Eager for Their Inheritance: Gen Xers and millennials are ready to carry the collectible-car torch.

AuthorGuilfoyle, Mike

We are surrounded by stuff that will outlast us. The house and the furniture will go to someone else when you're gone, and because common ceramics are the man-made thing lasting the longest, that coffee mug that says "Grumpy Old Fart" will still be around in thousands of years. Chances are your vintage vehicle has already outlived at least one or two owners, and if those former caretakers of your slick machine could see the snot-nosed kid that has the keys now, do you think they would approve?

Already blamed for the death of everything from neckties to napkins, millennials are often pegged as the generation that will bring doom to the collectible-car market--at least according to commonly overheard jeremiads at car shows and auctions that prophesy the imminent collapse of everything good. Baby boomers, the theory goes, still make up the vast majority of classic-car buyers, collectors, and drivers. As boomers exit the hobby one way or another, members of the subsequent generations X and especially Y, the so-called millennial generation born in the 1980s and '90s, lack the enthusiasm to maintain any sort of demand for old cars and their antiquated, non-computerized technology. Prices will collapse for almost every boomer-iconic vehicle from before the 1980s, which will in turn drag down the entire market.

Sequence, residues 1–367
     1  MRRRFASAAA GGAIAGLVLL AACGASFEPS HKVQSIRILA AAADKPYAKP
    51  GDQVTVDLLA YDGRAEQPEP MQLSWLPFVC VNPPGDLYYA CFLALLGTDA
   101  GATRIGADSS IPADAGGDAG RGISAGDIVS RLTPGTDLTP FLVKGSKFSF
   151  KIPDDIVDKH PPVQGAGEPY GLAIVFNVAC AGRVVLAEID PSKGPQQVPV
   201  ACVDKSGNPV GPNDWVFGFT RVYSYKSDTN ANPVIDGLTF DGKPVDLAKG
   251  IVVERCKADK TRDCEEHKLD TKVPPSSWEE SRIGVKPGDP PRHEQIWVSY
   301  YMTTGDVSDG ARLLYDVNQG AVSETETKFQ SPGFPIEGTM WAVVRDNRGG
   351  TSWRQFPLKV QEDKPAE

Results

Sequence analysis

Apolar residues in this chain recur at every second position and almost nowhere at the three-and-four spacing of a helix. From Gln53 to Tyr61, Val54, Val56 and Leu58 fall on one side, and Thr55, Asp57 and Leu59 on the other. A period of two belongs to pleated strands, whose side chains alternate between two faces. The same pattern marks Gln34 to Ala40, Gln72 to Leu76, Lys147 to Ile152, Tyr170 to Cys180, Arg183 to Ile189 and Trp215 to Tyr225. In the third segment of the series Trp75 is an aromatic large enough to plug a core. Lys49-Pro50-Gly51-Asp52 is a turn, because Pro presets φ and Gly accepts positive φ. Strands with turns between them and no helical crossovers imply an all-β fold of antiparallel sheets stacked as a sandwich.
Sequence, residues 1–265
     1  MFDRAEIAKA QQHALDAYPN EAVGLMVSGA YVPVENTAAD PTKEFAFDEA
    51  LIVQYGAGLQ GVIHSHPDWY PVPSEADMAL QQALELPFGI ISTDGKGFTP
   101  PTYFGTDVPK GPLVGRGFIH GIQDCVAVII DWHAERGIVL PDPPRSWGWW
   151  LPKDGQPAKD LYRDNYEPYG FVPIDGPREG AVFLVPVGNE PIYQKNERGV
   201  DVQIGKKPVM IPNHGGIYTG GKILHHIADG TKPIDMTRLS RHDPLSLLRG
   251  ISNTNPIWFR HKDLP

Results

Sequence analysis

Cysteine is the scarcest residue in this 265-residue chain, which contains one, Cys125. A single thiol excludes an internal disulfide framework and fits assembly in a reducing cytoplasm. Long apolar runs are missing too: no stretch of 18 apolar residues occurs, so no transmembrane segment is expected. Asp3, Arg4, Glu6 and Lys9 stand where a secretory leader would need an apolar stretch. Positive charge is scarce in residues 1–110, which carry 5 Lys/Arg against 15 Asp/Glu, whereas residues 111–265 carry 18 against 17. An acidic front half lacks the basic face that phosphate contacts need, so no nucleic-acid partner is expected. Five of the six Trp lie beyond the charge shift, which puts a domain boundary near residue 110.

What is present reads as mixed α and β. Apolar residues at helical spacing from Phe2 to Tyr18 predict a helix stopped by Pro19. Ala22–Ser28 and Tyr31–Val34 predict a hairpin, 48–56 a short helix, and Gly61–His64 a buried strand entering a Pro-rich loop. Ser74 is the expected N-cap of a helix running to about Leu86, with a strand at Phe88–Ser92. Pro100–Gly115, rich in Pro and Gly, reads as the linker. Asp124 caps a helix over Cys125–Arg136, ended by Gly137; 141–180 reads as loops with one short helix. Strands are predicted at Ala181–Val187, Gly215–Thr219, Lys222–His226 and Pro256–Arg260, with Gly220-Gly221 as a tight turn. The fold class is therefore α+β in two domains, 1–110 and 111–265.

Although everyone knows, just knows, that today's kids don't care about old cars, data collected by Hagerty, which fields between 2000 and 2500 calls a day from the public, tells a significantly more upbeat story. It's true that baby boomers account for the plurality of demand in the collectible-car market--about 42 percent according to Hagerty data. But as of the fourth quarter of 2017, the most recent data available, Generation X and the millennials have matched the boomers and their elders, the so-called greatest generation, in terms of demand.

And whereas the average buyer is still a boomer (barely--right now, the tail end of that generation is in their early 50s), the result of the growth in the overall market and among younger generations in particular means there are as many collectors in their early 40s today as there were collectors in their early 50s eight years ago, and as many early-30s collectors now as there were early-40s collectors then. Younger generations are absolutely entering the collectible-car market to replace those who are exiting, and the continuing extreme popularity of the hobby among boomers should not be...

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